Browsed by
Category: Silk

Finished the Hat

Finished the Hat

I got my ha finished…Yay…  So naturally, it is raining. Oh well, I know the cold will come.

Rub, rub, roll, roll. You know the drill. once it shrank enough I popped it onto a hat form to see how it was doing size-wise. It is very hard to photograph because it is so dark and the silk by and large disappears once it is wet.

Top view, it looks a bit raggy around the brim but it isn’t. It has silk wrapped around it and it has shrunk up making wrinkles.  Except for one spot at about 11:00. I will have to sew or needle it down.

Side-ish view, You can just see the silk colour.

It is on my high dome block. It is much too tall but I like the slope of the crown on this one better. the height I want is the block in the back but it is much flatter on top. It is loose on the block too. So more rolling. It didn’t take much rolling to get the right size around but quite a bit to get it short enough.

and then it was time to roll the flower

I pinned it in place so it will dry rolled up nicely.

…..two days later and it’s dry. I am taking pictures quickly because I need my table to wrap presents. I have tried to brighten them on the computer so you can see them better.

This slideshow requires JavaScript.

It looks good but trying it on it’s a bit tight. Then I realize why, my high dome is a 22 and my other one is a 23. I need the 23 to allow for my braid. So I turned on the steamer and got it hot and stretched it out to 23 using the right size block. Now it fits properly.

here’s the inside or underside however you look at it. again the dark colour is hard to see but I think you can see the texture of the silk with the Nuno felt.

the felting is finished but I think I will shave it to see if I can bring up the colour of the silk more.  I still need to make a couple of leaves out of this felt and sew the flower so it stays rolled up.

I hope that for the next post I will have something else to show you but also the hat with the leaves and maybe even on my head.

I hope everyone is having a wonderful holiday. It has been great to be able to stay connected to you all through the internet. It has really helped keep me sane through this stressful year of the pandemic.   I will see you in the New Year.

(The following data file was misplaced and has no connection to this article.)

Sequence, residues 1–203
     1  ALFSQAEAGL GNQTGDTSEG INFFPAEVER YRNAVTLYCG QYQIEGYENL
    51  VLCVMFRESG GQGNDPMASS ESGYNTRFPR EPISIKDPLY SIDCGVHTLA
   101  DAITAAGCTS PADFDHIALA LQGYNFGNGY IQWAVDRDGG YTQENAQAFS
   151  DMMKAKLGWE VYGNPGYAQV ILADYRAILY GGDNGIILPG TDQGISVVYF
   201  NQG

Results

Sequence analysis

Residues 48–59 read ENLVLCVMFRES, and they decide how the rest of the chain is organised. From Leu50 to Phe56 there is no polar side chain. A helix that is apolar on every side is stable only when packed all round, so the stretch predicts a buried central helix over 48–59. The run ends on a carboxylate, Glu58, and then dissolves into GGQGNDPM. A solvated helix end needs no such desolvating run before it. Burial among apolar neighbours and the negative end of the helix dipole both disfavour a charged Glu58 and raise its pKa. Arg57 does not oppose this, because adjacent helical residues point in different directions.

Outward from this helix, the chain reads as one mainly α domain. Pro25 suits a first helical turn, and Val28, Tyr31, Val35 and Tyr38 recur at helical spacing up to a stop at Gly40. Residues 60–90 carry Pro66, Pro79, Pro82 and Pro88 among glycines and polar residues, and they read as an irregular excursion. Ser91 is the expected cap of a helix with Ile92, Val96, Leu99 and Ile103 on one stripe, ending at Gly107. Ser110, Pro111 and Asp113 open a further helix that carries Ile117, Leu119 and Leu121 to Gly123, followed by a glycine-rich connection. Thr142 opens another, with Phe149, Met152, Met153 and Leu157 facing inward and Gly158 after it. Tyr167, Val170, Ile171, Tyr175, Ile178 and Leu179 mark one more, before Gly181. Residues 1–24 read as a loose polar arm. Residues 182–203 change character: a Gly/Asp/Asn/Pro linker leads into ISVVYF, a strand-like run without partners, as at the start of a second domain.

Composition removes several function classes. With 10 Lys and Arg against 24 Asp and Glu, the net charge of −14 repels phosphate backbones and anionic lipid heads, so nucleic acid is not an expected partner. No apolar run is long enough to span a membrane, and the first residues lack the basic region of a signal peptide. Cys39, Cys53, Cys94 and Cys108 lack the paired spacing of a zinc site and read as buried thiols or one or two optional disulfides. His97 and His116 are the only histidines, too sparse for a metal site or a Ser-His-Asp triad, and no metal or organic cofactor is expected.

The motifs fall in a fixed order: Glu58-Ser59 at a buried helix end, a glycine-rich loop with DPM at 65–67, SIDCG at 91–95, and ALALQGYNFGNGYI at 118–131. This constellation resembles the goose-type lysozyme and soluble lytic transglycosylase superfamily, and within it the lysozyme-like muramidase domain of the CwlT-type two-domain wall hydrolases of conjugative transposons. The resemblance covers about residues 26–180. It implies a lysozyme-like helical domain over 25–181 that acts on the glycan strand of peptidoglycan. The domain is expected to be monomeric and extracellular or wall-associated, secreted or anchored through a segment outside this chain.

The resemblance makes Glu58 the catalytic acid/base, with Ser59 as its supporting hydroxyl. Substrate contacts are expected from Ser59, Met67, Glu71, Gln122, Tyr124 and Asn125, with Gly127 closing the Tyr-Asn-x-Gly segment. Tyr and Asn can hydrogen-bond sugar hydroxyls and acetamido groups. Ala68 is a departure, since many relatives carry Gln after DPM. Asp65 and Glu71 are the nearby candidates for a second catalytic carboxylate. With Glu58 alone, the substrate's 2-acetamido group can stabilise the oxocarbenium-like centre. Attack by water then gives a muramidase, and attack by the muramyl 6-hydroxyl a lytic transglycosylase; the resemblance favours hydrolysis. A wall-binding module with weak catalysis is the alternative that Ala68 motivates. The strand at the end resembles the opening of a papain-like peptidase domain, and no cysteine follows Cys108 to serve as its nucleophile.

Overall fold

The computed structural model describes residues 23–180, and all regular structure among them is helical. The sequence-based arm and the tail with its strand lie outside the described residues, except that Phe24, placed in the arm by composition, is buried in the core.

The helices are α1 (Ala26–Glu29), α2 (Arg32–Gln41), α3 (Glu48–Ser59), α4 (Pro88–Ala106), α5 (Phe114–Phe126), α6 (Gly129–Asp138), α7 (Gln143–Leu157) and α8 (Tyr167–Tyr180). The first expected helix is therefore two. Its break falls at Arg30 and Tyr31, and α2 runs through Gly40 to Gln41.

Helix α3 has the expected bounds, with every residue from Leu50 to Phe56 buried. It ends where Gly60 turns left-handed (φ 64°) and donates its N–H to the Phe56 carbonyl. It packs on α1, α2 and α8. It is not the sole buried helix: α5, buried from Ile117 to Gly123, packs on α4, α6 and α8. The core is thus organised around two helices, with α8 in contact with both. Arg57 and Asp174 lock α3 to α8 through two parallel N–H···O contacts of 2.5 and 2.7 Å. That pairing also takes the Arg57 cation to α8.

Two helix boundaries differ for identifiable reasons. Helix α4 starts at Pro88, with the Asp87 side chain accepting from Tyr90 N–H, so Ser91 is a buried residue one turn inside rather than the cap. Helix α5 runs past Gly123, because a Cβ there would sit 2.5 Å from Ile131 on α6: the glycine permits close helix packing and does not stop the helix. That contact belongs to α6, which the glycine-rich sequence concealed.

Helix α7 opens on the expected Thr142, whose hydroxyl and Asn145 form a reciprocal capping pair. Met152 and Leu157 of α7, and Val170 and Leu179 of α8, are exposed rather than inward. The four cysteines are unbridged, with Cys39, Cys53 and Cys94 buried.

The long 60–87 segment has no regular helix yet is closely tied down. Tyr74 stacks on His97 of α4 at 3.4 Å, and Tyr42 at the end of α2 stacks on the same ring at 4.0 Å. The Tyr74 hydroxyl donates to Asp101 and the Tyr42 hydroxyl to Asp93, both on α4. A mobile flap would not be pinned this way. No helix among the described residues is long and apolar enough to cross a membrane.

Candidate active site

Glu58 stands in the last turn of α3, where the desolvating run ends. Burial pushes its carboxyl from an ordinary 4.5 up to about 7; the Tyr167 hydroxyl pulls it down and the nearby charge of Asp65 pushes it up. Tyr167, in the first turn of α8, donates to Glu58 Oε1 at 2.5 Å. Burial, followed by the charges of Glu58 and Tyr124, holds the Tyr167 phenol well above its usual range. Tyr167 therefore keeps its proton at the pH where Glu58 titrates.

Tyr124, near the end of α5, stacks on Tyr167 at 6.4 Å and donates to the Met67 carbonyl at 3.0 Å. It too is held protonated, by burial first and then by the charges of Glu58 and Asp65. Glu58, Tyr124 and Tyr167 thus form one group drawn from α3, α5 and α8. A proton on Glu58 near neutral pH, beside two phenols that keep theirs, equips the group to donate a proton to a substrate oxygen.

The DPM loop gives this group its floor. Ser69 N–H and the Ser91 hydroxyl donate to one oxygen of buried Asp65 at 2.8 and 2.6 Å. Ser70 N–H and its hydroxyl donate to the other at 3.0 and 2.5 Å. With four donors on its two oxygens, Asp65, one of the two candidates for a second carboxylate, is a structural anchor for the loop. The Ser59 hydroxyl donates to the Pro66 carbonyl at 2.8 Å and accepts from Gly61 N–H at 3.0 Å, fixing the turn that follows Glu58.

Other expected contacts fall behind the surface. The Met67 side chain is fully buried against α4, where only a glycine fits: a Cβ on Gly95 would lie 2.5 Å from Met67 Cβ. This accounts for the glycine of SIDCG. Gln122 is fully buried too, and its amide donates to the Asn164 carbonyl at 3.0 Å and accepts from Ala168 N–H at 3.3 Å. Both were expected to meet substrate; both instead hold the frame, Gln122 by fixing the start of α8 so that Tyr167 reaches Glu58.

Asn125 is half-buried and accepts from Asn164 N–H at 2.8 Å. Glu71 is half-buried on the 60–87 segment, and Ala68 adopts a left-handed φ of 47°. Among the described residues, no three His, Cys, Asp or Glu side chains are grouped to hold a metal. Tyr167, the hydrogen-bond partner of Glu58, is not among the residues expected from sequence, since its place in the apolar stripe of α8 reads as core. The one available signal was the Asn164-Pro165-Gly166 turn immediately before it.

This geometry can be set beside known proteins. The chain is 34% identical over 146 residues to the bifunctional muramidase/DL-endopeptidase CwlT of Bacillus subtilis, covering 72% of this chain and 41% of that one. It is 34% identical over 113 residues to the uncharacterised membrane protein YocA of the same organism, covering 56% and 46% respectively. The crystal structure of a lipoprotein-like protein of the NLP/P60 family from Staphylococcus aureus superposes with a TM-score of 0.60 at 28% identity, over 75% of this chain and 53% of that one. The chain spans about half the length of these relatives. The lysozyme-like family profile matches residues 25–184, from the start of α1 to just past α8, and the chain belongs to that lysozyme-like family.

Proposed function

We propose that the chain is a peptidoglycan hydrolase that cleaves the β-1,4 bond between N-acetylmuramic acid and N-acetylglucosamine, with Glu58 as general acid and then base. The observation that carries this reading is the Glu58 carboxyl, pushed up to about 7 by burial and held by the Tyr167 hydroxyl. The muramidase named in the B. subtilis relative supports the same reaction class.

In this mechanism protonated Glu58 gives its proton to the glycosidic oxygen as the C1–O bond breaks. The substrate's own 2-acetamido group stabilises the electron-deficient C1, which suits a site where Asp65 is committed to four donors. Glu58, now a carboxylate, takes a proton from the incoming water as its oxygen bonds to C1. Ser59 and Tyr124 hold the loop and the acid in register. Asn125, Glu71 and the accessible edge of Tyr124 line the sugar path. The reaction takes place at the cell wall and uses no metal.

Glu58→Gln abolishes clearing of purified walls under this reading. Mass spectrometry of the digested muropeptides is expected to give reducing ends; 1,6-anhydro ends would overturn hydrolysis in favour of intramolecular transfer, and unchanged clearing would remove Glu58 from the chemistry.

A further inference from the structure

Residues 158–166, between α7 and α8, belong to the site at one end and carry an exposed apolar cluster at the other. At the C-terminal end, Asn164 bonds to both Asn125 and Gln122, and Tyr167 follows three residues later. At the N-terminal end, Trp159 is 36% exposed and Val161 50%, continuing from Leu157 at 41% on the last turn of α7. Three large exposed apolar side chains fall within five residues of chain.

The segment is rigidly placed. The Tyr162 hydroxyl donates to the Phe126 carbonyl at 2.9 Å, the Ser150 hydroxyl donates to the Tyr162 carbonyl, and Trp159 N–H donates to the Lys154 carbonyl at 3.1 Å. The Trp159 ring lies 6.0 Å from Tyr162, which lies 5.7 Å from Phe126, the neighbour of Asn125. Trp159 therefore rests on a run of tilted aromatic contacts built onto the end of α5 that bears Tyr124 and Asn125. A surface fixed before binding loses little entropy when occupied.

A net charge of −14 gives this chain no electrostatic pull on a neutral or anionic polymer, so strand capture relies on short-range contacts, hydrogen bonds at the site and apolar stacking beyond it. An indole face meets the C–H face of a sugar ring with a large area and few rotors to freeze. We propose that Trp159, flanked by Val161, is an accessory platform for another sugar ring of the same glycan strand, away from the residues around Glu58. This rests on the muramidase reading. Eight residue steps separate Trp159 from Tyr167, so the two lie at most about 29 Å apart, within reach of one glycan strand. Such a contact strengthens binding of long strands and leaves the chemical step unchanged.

Ann

 

 

 

 

The cowl is finished

The cowl is finished

I did finally get the cowl finished. It turned out just as I had hoped.  I took it up to a flax processing day to show everyone and Jan took some nice pictures of it for me I think they show it off very well.

If you remember this was the inspiration for this cowl. I liked the way the two points overlap.

This is the silk lap side out.

This is the filk fabric side out.

And finally, this is me wearing it. It’s not a great shot of me but it does show how the cowl fits. I plan to use it this winter. My neck is always cold but this will not be bulky under my coat.

I hope you like it and it was worth the wait to finaly see it done.

Decorating the cowl

Decorating the cowl

As you recall I was dying some silk lap for my cowl. They turned out well. Silk always looks so raggy after dying. I think it’s the squeezing out of the excess water. They look a little better dry after a little shake and stretch.

With the cowl being different colours of purple I think either the gold/orange or gold/ orange/purple.

 

I decided on the gold/orange/purple. the gold/ orange was to close the leaf fabric. I cut a small amount from one side of the lap.

 

I stretched the silk over the back of the cowl leaving enough on each end to cover the front.

I flipped it over and then cut up the leaves to decorate the ends. I put some on the underside( the silk side) and some on the top.

Then the other end

You saw above I had about 10 grams of silk. After stretching it out to get the amount of silk lap I wanted, I ended up cutting about 1/4 of it off the 2 ends.

I covered it up and gave it a good rubbing on both sides and rolled it up. Next up, the rolling. I am starting to feel like this is the never-ending cowl but I hope to show you it all finished in the next post. Before I can do that, I have to make some more masks, my mom wants a couple and some more pie making. And of course, today is Halloween. No trick or treating for the kids but the grandkids are having a haunted walk in the field. The grownups have as much fun setting it up as the kids will have running around in it.

 

 

Next Steps for My Cowl

Next Steps for My Cowl

With a few weeks until the Christmas markets, I finally got back to my cowl.

This is as far as I had gotten before I had to put it aside. It took me forever to get the silk wrapped around the template properly and as you can see I had to use painters tape to do it.

The first job today was to sew the center together. I used some nylon thread and large basting stitches so I can pull it out at the end.

I put some tape on the one end of the thread so it should be easy to find when it is finished.

Time to add the wool, 3 shades of purple.